Author Angela Bomford's childhood in Wallasey, England, was filled with air raids, bombs, and gas masks. In A Time to Dance, Bomford recalls her adventures as a young Christian as she struggles to break into show business in 1950s England. Tragedy and comedy follow her across Europe, where she has a peek behind the Iron Curtain and adventures in Paris and Vienna.
She narrates how failed romance triggers serious self-doubt—until her walk with the Lord leads her to a deep, lifelong romance with the man she had a crush on as a young teenager. A whirlwind courtship takes her across the Atlantic Ocean to Peru, Panama, and the United States. From working as an assistant stage manager in England to acting on movie sets in Florida, this true story brings both a lump to the throat and laughter to the lips.
With photos included, A Time to Dance, Bomford shares her life story, giving insight into growing up against the backdrop of World War II, working in show business, and placing her life in the hands of the Lord.
The small girl gripped her big sister’s hand with all the fierce love and trust only a three year old could muster. Olive was ten, and the young child felt an overwhelming assurance that as long as Olive was leading the way, her safety was assured. “Come on Angela,” Olive urged her small charge. “Hurry up, and whatever you do, don’t trip over.”
There were few automobiles on the streets of England in the nineteen thirties. People could not afford such a luxury. Angela always enjoyed playing with her toys under the table – the only space there was to play in the apartment over the little furniture store that her father owned.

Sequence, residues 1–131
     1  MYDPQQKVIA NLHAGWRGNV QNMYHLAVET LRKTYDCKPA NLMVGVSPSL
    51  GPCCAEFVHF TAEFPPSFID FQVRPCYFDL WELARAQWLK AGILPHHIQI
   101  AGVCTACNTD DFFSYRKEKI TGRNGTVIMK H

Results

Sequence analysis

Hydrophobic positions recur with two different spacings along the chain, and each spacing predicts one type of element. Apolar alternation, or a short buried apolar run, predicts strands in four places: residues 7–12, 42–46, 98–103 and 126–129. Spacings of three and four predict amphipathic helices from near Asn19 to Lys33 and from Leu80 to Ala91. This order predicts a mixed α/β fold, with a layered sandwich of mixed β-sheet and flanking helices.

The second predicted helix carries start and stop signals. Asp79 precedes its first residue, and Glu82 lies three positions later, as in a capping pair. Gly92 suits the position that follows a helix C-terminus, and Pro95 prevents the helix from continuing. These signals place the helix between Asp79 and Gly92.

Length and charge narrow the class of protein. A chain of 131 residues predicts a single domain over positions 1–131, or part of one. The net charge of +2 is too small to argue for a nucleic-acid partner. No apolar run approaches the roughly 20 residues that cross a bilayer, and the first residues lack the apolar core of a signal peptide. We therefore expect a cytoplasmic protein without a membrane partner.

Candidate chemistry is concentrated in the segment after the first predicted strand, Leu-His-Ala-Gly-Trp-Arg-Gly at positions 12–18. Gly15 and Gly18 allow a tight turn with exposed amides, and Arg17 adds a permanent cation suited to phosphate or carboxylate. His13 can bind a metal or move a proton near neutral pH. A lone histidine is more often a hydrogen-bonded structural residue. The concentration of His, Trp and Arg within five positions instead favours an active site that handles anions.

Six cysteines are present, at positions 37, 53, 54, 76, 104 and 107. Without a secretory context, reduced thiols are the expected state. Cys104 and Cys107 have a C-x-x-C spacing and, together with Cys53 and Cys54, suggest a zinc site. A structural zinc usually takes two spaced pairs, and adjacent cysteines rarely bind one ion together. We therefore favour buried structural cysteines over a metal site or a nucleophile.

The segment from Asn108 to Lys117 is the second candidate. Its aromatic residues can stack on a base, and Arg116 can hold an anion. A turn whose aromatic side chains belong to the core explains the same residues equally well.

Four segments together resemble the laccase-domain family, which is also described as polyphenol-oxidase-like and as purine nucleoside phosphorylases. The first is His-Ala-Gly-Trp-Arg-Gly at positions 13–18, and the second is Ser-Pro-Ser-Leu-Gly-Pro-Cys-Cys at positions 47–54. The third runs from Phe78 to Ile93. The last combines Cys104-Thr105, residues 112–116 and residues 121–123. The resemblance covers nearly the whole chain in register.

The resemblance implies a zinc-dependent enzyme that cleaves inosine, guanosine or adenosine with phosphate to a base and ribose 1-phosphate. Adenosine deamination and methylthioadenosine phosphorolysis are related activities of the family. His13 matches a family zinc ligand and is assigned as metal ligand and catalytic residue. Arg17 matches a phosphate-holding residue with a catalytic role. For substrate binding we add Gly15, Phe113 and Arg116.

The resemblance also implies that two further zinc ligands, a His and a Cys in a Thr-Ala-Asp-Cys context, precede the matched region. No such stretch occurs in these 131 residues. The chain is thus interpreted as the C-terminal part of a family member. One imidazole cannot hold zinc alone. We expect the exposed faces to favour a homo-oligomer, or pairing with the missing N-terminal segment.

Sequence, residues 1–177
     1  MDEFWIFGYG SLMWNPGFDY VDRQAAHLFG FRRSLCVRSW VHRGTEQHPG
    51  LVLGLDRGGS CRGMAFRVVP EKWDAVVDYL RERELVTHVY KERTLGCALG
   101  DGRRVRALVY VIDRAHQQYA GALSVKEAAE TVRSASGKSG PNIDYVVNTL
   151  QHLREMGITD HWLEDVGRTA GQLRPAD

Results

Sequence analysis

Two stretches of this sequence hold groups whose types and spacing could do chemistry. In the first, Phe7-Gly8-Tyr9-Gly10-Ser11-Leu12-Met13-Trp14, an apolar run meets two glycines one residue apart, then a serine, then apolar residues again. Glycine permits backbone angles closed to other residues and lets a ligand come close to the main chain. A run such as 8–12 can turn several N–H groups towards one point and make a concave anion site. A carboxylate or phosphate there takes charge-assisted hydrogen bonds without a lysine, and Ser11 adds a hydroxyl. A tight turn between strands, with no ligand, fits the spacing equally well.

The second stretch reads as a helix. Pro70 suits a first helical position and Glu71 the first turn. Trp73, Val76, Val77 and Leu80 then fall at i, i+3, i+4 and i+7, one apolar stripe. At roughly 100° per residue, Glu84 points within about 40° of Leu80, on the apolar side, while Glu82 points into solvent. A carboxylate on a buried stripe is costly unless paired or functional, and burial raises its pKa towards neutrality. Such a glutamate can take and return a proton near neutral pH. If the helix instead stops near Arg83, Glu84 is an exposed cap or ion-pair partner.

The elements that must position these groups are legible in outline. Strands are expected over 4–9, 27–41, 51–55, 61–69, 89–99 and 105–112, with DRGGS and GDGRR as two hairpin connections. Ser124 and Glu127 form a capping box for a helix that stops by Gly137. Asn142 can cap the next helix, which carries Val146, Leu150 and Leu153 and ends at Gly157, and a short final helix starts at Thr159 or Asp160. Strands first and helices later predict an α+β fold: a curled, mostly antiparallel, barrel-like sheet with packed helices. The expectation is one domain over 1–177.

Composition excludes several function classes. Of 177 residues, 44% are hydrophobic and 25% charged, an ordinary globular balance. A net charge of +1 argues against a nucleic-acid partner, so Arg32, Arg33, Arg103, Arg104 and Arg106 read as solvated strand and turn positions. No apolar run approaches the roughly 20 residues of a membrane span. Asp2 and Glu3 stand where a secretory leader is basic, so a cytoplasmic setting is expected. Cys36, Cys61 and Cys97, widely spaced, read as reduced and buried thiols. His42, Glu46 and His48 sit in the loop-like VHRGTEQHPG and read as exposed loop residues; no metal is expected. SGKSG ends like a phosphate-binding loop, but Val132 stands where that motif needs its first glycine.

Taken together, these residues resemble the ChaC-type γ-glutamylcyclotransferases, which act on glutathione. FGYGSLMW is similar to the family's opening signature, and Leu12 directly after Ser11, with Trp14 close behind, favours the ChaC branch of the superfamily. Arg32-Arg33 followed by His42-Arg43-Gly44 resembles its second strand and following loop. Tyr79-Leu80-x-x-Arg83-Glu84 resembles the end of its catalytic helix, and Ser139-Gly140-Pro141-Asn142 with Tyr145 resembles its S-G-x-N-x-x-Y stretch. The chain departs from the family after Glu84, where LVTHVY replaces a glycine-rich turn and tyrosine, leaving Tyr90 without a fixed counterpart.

The radio was always on at home. The child knew the ‘Lullaby of Broadway,” from a new American musical show, and liked it when a man called Bing Crosby sang.
“For heaven’s sake girl, you’ve got your knees all grubby again and we have to leave soon,” mother scolded when they arrived back in the little kitchen.
A few weeks earlier, Olive had been rehearsing with a group to sing in a show at the local Theatre. Angela, sitting on her father’s lap, had been agitating to get up on the stage too, and have a bash at singing into a microphone like her sister. Big brother Norman had needed someone to try out his home-made microphone so had taught the child to sing a couple of songs into it. Now, in a real theatre with the rehearsal over, the band began packing up their instruments.
Angela’s father took her up on the stage and asked the conductor if he would let the three year old sing into the microphone for a minute. The child started to sing. A few minutes later, the band began to unpack their instruments, and started backing up the small voice. After a second song, with the whole band now playing behind her, the conductor spoke at length with Olive and Angela’s father.
All over England, towns were planning special celebrations to mark the Coronation of King George VI. His older brother had abdicated to marry a divorced American woman. Now the Duke of York, with his wife and two little girls, had been suddenly thrown into the world spotlight. It was particularly hard on the young Duke, as he was fighting to overcome a terrible speech impediment. Seventy-five years later, a movie that would sweep the Academy Awards, would be made about him.
Towns all over Britain were having their own “Coronation Queens”, and after Angela’s impromptu performance, the producers decided it would be a novelty to have the three year old crowned as the “Coronation Queen” of Wallasey with her big sister Olive holding the long train.
So the knees had to be scrubbed to perfection, as it was May 12th, 1937, Coronation say. They must leave for the theatre. The “Floral Pavilion” New Brighton, would play a pivotal role throughout that small child’s life.
Little more than two years later, the family, along with the whole of Europe was plunged into a life filled with bombs, air-raid shelters, and gas masks.
For world War Two had begun.